This looks like:  My colleague who normally greets the team every morning goes straight to his/her desk without speaking to anyone.  I gently approach my colleague to say “hello” and prepare to listen to what they may want to share (if anything).

Relationship Management:  Because I’m aware of my emotions and the emotions of others, I’m able to successfully manage interpersonal experiences.

This looks like:  An agenda item in today’s sales meeting is about the deadline for an important project.  After the roundtable discussion about the project, it is clear the work was not evenly distributed among team members.  I notice frustrated body language from a few colleagues and I respectfully suggest how to equitably re-distribute the tasks based on individual expertise.  Management and the team agree with my suggestion and now everyone is visibly more relaxed and upbeat.

EQ is so much more than “having a great personality”.  An emotionally intelligent individual is highly conscious of his or her own emotional states and is tuned in to the emotions that others experience.  Emotional signals from within oneself and from one’s social environment could make one a better friend, parent, and yes, a better leader.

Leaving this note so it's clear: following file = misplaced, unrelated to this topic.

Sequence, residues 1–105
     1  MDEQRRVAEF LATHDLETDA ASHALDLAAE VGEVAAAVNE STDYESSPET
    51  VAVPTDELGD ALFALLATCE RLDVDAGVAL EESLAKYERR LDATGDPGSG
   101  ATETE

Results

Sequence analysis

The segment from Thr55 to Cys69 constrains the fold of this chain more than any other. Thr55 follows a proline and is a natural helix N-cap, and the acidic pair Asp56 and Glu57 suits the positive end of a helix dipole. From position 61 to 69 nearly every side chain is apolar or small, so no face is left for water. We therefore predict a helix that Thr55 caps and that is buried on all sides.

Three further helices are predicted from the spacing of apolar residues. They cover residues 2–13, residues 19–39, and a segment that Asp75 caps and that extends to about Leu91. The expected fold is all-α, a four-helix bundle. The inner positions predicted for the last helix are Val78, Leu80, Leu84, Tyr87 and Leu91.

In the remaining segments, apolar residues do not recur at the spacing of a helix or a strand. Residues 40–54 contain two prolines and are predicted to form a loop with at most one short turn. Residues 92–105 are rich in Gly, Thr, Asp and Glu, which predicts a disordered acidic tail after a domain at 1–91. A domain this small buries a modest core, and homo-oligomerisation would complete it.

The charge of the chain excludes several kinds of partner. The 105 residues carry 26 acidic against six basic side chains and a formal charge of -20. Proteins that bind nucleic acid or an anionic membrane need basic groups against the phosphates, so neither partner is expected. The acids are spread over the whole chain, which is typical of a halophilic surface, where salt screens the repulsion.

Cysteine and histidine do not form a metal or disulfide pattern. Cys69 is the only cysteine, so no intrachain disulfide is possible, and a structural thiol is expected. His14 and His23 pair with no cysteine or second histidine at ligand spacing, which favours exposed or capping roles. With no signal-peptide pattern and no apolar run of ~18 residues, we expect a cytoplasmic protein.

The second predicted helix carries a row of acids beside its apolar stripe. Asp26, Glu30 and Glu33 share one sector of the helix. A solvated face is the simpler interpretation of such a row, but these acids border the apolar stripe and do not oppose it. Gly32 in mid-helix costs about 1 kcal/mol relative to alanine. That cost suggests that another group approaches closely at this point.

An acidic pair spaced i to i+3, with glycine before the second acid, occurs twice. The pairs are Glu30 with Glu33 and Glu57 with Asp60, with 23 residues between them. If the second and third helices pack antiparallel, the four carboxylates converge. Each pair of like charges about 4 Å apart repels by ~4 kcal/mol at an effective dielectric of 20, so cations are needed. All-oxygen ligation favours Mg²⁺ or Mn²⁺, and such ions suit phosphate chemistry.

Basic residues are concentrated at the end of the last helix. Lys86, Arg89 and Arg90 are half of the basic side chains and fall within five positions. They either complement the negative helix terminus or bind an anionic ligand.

So, now that we know a little more about EQ and how to manage it for ourselves, let’s go out there and make it a great day !

3 Misconceptions Businesses Make About Generation Z

So, you think your brand understands how to impress Generation Z (Gen Z) to buy your product/service?  Compare your assumptions to the results of a Gen Z think tank survey:

  • When considering a purchase, quality is the top consideration for Gen Z with price a close second.  Accountability and trust tie for third place
  • Gen Z males said maintaining high quality on products will capture their loyalty while Gen Z females said great value for price will make them loyal to a brand 
  • Celebrity endorsements have the least effect on brand loyalty—even though Gen Zers have a fascination with pop culture

Members of Gen Z are those born between 1997 and 2015 putting them in the age range of 6-24 years old in 2021.

What matters to Gen Z is that they want businesses to know who they are and what they like/dislike.  To be clear, Gen Z is not a monolith, however, due diligence must be undertaken if you’re serious about including them in your client base.  Remember, Gen Z buying power in the U.S. is a whopping a $143 billion. That’s nearly 40 percent of all U.S. consumer shopping.  If that’s not impressive enough, 93% of parents say their Gen Z children influence their household spending and another 70% of parents ask their Gen Z kids for advice before making purchases.

Your company has a higher chance of attracting Gen Z to become loyal customers IF your core values align with their expectations.